INTERVIEW PART 2: Stop Violating Laws, Free El-Zakzaky Now – Sagay Tells Buhari
SEPTEMBER 1, 2017 NEXT EDITION
The Chairman of the Presidential Advisory Committee Against Corruption (PACAC), Itse Sagay, is one of President Muhammadu Buhari’s most trusted advisers and supporters. But in this concluding part of his interview with our team consisting Editor-in-Chief, VICTORIA IBANGA, Associate Editor, DOMINIK UMOSEN, Correspondent, YUSUF MOHAMMED and Marketing Executive, ASIAN NKUTT, the professor of International Law, pointedly asked Mr. Buhari to free the leader of the Islamic Movement of Nigeria (IMN), Ibrahim El-Zakzaky, among other controversial issues he spoke about.
NE: If you recall, in June 2016 you said, the government would create special courts for corruption and cybercrime, how far have they gone?
I have not followed up closely but I know that the two chambers of the National Assembly are acting on it. I understand that it is at the second reading stage. My hope is that before the end of this year, it would have been passed into law.
NE: The opinion among lawyers is that Nigeria currently doesn’t require special courts if the political will is there. Do you agree with that?
No, I don’t agree with that. In fact, we had our greatest level of achievement when the existing court system started to have divisions. Criminal divisions, land divisions, general divisions and so on. That’s when the highest numbers of convictions were achieved because the criminal division now concentrated on crime alone. Not only that, in some cases, they were specially selected. They are judges known for their integrity, then you put them there and limit them to concentrate on crime and corruption. They then have all the precedence to act upon, and you will see that they will be more efficient and will have less work to do because the workload of judges is frightening. When they have less work to do, their expertise will improve and within a short time, we will be getting better results. As I said, although it isn’t said openly, it is the expectation that those who will constitute that court will be specially chosen. Their track record, their background, and character will be checked. Not just anybody.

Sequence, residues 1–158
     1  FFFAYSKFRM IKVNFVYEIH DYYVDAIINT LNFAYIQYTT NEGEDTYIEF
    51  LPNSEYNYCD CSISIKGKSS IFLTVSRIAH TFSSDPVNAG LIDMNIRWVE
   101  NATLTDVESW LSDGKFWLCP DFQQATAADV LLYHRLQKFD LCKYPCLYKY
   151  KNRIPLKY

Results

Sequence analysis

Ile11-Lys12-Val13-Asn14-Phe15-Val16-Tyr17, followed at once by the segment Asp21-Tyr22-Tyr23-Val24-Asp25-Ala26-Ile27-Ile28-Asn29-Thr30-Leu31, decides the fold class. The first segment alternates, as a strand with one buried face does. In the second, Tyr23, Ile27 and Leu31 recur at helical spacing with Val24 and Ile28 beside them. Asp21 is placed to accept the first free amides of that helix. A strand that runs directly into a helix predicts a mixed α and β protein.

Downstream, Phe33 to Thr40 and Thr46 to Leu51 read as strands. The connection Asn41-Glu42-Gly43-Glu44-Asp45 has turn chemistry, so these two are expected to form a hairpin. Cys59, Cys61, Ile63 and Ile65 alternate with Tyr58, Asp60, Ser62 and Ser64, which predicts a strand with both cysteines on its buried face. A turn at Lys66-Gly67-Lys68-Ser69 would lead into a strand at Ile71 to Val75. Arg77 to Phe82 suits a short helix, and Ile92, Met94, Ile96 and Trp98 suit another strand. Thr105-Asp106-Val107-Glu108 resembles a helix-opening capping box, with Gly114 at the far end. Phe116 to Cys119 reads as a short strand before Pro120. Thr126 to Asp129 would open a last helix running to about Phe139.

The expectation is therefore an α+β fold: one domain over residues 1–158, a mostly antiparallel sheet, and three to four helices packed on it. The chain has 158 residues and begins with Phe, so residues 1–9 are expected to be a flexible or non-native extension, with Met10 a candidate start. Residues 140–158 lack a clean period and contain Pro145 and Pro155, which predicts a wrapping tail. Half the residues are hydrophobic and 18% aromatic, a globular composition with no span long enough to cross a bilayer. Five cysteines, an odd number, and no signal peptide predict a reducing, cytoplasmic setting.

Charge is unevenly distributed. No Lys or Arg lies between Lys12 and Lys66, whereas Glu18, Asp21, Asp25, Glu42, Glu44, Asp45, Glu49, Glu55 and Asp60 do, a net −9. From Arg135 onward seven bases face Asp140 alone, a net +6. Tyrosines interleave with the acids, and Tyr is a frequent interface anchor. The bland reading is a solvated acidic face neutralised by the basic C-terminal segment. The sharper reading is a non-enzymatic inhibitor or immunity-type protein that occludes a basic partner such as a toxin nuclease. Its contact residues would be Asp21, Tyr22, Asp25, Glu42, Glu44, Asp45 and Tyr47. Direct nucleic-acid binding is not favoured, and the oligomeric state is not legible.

NE: There are speculations that the Attorney-General of the Federation and Minister of Justice, Abubakar Malami is trying to frustrate the anti-corruption crusade. Do you share this view?